For example, assume that the computer system at the standby side malfunctions by continually writing to arbitrary addresses. In that case, the arbitrary address writing operations are blocked by the bus master and bus slave functions of communication interface unit 2 described above, so that no influence is exerted upon the control operations of the total system.
In the duplex computer system as described above, none of the memory unit regions at the control side can be written to by the computer system at the standby side. However, the structure may be modified such that only the memory unit regions containing the program, data and parameters necessary for the control operations cannot be written to, whereas the memory unit regions for equalizing the data can be written to.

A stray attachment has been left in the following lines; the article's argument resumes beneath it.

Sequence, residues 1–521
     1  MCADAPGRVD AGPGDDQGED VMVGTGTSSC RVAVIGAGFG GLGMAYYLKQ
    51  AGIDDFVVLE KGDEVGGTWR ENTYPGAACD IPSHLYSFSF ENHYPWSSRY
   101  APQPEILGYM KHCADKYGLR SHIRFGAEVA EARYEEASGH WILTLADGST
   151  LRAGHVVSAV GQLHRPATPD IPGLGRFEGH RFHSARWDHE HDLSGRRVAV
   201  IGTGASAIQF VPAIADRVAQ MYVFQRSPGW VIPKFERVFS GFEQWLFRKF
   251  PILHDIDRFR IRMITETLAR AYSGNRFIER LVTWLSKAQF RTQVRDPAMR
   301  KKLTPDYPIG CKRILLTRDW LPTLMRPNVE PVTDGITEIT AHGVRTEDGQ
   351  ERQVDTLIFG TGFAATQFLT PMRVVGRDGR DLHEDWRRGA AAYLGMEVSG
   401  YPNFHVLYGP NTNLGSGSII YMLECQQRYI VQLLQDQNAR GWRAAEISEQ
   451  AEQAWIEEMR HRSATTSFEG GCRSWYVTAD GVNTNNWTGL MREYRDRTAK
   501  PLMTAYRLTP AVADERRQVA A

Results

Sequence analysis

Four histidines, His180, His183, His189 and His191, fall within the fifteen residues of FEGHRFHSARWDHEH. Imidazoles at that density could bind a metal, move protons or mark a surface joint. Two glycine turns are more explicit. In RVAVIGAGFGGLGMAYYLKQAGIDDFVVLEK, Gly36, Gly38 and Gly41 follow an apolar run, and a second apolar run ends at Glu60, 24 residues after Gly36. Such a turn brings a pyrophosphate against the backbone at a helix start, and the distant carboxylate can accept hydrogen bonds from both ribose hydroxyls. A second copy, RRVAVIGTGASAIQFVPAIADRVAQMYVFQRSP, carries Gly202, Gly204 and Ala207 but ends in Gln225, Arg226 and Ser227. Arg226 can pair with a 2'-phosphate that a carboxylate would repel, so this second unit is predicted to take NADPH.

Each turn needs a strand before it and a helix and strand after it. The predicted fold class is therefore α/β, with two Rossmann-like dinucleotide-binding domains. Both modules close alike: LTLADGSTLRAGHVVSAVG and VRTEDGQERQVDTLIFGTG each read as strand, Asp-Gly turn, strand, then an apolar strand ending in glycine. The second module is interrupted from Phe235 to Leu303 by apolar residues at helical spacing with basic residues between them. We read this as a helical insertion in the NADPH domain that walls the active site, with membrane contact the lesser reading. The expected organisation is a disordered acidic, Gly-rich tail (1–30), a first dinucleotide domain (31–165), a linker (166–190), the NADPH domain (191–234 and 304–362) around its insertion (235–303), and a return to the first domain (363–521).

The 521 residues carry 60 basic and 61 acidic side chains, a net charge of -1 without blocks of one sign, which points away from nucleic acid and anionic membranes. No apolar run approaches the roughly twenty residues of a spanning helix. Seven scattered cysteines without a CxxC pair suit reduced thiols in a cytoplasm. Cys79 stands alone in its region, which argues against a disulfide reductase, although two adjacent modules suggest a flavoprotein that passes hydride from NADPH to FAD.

According to this embodiment, the trouble experienced by one computer system will exert no influence upon the control operations of the other computer system, thus improving the reliability of the total system.
Moreover, the operations for equalizing the data and parameters may be accomplished through duplex control units 15 disposed in the individual computer systems and adapted especially for that purpose. In addition, the software for the individual duplex control units can be shared between the two computers by storing the software in identical memory addresses in the memory units of the two computer systems.
Sixth Preferred Embodiment